Given a finite dimensional (pseudo)-Riemannian manifold $(X,g)$, the Hodge star operator “completes” a $k$-differential form to the volume form of $(X,g)$.
Let $(X,g)$ be an oriented $n$-dimensional smooth manifold $X$ endowed with a (pseudo)-Riemannian metric $g$. For $0 \leq k \leq n$, write $\Omega^k(X)$ for the vector space of $k$-forms on $X$.
The metric $g$ naturally induces a nondegenerate symmetric bilinear form
If $X$ is compact then the integral of this against the volume form $vol_g$ exists. This is the Hodge inner product
The Hodge star operator is the unique linear function
defined by the identity
where $vol_g \in \Omega^n X$ is the volume form induced by $g$.
Therefore in terms of the Hodge operator the Hodge inner product reads
If $e_1,\dots,e_n$ is a local basis on $X$ and $e^1,\dots,e^n$ is the dual basis, so that $\alpha = \frac{1}{k!} \alpha_{i_1,\dots,i_k} e^{i_1} \wedge \cdots \wedge e^{i_k}$, then
where $\epsilon_{i_1,\dots,i_n}$ is the sign of the permutation $(1,2,\dots,n)\mapsto (i_1,i_2,\dots,i_n)$ and $det(g)$ is the determinant of $g$ in the local basis.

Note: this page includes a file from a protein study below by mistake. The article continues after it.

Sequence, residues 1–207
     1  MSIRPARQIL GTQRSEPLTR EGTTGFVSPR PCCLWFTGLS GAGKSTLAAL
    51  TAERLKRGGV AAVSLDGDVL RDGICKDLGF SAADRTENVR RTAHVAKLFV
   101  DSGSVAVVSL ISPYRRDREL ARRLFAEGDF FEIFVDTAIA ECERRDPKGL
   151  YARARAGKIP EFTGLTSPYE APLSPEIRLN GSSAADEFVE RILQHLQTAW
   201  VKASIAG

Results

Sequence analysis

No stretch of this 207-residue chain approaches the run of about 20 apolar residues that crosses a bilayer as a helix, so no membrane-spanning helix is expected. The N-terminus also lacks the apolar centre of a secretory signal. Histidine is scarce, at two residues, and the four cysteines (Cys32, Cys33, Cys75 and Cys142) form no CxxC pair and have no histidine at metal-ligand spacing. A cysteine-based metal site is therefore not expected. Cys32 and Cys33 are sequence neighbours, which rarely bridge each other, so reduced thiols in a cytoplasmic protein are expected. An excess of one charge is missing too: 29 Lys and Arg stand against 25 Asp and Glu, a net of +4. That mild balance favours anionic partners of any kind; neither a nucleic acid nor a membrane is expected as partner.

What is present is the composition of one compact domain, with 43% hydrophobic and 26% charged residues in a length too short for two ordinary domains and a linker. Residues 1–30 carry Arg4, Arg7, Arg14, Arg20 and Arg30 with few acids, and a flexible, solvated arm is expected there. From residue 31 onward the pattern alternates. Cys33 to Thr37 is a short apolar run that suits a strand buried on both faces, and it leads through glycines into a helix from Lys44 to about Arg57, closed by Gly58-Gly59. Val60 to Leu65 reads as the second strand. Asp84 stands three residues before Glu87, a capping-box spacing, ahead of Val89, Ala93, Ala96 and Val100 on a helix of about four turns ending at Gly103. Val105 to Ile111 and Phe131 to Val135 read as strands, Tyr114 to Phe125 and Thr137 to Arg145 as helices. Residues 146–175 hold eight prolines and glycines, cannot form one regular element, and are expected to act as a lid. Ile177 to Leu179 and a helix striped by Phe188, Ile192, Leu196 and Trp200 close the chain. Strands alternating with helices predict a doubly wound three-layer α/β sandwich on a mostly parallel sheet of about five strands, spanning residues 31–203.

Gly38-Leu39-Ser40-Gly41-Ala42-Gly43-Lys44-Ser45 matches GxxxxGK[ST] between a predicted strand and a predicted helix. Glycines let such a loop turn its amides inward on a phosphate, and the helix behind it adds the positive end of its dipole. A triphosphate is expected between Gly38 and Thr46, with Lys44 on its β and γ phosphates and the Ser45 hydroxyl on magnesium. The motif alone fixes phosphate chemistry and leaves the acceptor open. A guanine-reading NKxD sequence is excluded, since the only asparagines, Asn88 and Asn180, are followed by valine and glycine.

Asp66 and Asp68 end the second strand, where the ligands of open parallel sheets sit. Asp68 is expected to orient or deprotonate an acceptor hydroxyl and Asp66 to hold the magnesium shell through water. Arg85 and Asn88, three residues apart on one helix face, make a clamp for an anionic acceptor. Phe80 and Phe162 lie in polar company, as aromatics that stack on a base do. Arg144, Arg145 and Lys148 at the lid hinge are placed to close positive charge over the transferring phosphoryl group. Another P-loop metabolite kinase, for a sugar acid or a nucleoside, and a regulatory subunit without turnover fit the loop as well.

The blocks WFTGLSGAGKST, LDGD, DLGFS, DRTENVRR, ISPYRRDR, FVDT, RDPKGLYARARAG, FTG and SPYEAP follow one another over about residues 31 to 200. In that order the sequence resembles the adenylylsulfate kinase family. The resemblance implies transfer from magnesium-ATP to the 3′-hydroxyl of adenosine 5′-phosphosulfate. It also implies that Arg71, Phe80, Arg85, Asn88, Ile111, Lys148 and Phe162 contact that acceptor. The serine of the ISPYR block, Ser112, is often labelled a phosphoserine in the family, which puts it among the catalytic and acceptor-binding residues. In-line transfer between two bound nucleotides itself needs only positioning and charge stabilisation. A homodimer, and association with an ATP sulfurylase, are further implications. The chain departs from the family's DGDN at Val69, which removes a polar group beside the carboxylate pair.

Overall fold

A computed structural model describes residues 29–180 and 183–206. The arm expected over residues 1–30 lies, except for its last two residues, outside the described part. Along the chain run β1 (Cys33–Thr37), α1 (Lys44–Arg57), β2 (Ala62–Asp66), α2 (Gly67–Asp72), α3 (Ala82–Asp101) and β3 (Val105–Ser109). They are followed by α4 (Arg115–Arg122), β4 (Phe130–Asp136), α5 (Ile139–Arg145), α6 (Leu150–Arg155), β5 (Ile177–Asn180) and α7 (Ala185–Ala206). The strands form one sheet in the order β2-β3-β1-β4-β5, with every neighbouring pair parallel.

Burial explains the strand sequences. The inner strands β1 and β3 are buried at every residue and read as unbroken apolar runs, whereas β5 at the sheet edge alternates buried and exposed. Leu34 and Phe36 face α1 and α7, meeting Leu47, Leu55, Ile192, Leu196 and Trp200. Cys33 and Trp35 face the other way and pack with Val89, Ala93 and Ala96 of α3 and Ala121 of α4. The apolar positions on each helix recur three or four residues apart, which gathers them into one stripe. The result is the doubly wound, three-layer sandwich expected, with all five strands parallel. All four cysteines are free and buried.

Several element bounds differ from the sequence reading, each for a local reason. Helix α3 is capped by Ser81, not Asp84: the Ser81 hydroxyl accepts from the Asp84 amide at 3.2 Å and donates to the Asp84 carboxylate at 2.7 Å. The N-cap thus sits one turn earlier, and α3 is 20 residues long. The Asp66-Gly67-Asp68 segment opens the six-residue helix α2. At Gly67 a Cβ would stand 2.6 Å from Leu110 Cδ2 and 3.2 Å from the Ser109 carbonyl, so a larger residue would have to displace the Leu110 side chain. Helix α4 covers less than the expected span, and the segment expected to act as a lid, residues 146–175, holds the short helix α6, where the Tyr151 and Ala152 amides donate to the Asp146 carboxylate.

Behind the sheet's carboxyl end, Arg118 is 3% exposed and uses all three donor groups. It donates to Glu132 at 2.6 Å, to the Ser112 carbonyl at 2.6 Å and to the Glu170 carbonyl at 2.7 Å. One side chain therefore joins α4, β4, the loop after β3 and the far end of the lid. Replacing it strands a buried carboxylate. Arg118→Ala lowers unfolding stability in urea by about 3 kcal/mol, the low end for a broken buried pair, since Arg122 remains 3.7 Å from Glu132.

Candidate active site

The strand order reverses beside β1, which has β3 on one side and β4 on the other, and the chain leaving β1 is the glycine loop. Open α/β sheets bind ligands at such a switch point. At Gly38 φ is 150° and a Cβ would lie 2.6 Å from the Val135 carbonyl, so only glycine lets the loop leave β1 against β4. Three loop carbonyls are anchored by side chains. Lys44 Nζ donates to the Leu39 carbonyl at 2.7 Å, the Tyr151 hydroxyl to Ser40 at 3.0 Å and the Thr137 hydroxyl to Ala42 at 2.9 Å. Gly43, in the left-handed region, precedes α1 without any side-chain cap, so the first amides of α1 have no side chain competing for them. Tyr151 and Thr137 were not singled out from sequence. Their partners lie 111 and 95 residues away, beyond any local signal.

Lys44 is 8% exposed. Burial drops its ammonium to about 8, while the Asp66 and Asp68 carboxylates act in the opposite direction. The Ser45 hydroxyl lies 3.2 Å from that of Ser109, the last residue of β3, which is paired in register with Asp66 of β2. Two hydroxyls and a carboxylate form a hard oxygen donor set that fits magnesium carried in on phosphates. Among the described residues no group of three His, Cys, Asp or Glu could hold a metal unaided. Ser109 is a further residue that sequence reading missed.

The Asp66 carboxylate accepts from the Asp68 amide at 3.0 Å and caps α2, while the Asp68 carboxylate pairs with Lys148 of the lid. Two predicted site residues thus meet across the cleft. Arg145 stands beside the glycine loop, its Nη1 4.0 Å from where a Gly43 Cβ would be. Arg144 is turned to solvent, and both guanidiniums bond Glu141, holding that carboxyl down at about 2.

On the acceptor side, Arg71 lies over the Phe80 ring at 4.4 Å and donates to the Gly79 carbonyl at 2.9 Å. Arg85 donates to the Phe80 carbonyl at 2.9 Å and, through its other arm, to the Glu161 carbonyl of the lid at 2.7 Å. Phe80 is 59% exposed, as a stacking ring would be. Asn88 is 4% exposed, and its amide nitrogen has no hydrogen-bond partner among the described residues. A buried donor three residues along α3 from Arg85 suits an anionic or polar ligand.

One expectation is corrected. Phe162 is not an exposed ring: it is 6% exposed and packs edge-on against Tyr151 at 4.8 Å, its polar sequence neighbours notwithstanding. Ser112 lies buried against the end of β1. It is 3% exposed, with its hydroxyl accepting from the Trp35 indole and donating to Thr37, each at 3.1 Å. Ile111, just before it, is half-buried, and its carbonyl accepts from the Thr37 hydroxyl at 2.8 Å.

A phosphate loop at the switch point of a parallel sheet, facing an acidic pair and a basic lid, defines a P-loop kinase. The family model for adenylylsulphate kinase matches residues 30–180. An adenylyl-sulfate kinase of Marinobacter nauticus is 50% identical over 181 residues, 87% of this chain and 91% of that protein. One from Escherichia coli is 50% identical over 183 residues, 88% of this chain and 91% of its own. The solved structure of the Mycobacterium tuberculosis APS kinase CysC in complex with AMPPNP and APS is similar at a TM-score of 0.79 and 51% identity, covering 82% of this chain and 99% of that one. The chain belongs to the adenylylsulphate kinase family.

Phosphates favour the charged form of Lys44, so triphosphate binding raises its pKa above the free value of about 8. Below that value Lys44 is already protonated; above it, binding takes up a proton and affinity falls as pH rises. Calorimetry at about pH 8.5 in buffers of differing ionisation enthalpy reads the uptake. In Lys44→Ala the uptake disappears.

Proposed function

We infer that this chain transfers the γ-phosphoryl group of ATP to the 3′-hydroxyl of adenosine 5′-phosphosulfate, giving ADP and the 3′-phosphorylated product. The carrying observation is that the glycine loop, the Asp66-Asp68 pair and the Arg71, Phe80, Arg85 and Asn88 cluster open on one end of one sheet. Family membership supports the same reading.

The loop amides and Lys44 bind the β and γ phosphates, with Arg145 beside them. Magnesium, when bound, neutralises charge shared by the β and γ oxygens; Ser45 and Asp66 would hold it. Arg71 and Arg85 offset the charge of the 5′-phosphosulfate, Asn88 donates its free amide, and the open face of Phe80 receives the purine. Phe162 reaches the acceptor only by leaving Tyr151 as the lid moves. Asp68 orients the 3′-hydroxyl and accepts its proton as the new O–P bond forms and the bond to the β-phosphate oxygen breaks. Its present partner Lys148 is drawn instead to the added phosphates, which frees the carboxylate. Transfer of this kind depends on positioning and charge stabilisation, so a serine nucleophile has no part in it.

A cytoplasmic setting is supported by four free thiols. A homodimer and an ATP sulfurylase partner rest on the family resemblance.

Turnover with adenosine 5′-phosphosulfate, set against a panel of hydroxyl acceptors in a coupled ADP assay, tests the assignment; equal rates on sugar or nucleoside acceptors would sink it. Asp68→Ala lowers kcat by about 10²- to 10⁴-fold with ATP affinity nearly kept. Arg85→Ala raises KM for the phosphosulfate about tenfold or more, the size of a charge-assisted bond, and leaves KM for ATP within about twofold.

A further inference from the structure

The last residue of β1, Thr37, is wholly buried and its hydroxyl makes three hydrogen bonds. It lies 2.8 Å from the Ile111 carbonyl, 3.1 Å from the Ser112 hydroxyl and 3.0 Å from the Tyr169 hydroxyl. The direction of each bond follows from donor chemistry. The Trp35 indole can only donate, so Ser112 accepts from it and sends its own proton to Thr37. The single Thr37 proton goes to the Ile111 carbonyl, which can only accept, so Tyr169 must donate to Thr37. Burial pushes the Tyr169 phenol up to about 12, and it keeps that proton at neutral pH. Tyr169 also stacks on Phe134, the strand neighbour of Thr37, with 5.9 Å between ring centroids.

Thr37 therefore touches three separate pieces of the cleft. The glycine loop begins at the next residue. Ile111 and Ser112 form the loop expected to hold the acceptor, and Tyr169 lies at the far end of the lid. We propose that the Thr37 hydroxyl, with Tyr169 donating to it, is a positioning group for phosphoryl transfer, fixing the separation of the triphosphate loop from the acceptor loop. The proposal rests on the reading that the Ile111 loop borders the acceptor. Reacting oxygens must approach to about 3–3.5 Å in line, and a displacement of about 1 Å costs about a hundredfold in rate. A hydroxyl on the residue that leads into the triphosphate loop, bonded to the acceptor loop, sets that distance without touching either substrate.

Let $(X,g)$ be a Riemannian manifold of dimension $n$ and let $\omega,\lambda \in \Omega^k(X)$. Then
$\star(\star\omega) = (-1)^{k(n+1)} \omega = (-1)^{k(n-k)} \omega$;
$\langle\star\omega , \star\lambda\rangle = \langle\omega | \lambda\rangle$;
$\star 1 = vol$.
On a Kähler manifold $\Sigma$ of dimension $dim_{\mathbb{C}}(\Sigma) = n$ the Hodge star operator acts on the Dolbeault complex as
(notice the exchange of the role of $p$ and $q$). See e.g. (Biquerd-Höring 08, p. 79). See also at Serre duality.
The metric $g$ is used in two places in the specification of the Hodge operator: in the inner product on forms and in the volume form. If $X$ is equipped only with a volume form (not necessarily coming from a metric), then the Hodge operator still takes $k$-forms to $(n-k)$-vector fields. If the manifold is not oriented, then the metric only gives a volume pseudoform, but the Hodge operator still takes $k$-forms to $(n-k)$-pseudoforms. Finally, if $X$ is equipped with only a volume pseudoform (which is equivalent to an absolutely continuous Radon measure on $X$), then the Hodge operator takes $k$-forms to $(n-k)$-pseudovector fields. (Of course, in every case, one might apply the operator to pseudoforms or multivector fields to begin with.)
Some useful basic formulas are listed in
Discussion in complex geometry includes